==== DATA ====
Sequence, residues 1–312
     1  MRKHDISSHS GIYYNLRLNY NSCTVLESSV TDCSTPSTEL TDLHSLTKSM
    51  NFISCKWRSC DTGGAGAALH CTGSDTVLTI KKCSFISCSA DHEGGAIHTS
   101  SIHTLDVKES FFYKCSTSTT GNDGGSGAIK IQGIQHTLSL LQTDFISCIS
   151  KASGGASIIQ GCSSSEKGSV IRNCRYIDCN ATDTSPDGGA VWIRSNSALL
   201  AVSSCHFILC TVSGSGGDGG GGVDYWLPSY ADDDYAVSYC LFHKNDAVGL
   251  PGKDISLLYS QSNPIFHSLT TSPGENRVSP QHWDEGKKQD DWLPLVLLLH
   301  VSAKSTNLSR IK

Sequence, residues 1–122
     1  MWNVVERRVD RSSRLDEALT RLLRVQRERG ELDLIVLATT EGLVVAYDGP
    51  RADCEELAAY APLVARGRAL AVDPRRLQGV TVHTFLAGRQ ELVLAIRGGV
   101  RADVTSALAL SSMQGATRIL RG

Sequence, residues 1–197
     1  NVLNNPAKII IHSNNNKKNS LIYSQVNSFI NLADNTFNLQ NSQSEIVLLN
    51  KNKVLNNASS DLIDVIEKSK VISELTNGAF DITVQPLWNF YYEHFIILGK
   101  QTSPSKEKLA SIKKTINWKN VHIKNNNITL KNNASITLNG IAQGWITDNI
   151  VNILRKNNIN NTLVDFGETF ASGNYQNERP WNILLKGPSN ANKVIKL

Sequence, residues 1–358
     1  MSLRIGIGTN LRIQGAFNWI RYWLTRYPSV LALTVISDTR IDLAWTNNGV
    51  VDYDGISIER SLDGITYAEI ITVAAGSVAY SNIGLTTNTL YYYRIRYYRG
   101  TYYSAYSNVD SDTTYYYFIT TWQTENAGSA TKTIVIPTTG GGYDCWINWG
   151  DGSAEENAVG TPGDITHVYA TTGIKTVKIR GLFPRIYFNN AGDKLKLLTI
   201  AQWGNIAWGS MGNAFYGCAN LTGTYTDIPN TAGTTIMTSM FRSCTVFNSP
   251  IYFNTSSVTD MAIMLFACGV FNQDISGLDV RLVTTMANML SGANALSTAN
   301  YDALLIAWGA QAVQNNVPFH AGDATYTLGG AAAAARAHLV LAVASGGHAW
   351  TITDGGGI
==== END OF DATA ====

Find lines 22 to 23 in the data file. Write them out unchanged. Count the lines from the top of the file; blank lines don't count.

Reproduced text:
   151  DGSAEENAVG TPGDITHVYA TTGIKTVKIR GLFPRIYFNN AGDKLKLLTI
   201  AQWGNIAWGS MGNAFYGCAN LTGTYTDIPN TAGTTIMTSM FRSCTVFNSP